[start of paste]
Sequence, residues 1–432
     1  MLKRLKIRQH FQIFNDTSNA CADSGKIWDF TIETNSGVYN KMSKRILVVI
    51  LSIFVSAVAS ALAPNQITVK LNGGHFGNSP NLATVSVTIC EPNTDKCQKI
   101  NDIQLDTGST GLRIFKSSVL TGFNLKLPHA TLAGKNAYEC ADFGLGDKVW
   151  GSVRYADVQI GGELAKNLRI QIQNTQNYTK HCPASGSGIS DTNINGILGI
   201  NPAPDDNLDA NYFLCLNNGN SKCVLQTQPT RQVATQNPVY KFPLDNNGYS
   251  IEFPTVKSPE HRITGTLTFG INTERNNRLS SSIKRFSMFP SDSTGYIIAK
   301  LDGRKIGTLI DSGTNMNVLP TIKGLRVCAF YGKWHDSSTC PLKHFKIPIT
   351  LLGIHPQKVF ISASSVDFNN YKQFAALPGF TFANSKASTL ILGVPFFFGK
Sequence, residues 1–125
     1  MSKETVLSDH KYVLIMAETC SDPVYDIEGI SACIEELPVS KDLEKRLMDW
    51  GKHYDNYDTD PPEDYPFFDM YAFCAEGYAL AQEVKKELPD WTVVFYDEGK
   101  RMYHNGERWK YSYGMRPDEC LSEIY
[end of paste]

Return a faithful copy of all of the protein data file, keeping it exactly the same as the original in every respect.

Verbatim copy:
Sequence, residues 1–432
     1  MLKRLKIRQH FQIFNDTSNA CADSGKIWDF TIETNSGVYN KMSKRILVVI
    51  LSIFVSAVAS ALAPNQITVK LNGGHFGNSP NLATVSVTIC EPNTDKCQKI
   101  NDIQLDTGST GLRIFKSSVL TGFNLKLPHA TLAGKNAYEC ADFGLGDKVW
   151  GSVRYADVQI GGELAKNLRI QIQNTQNYTK HCPASGSGIS DTNINGILGI
   201  NPAPDDNLDA NYFLCLNNGN SKCVLQTQPT RQVATQNPVY KFPLDNNGYS
   251  IEFPTVKSPE HRITGTLTFG INTERNNRLS SSIKRFSMFP SDSTGYIIAK
   301  LDGRKIGTLI DSGTNMNVLP TIKGLRVCAF YGKWHDSSTC PLKHFKIPIT
   351  LLGIHPQKVF ISASSVDFNN YKQFAALPGF TFANSKASTL ILGVPFFFGK
Sequence, residues 1–125
     1  MSKETVLSDH KYVLIMAETC SDPVYDIEGI SACIEELPVS KDLEKRLMDW
    51  GKHYDNYDTD PPEDYPFFDM YAFCAEGYAL AQEVKKELPD WTVVFYDEGK
   101  RMYHNGERWK YSYGMRPDEC LSEIY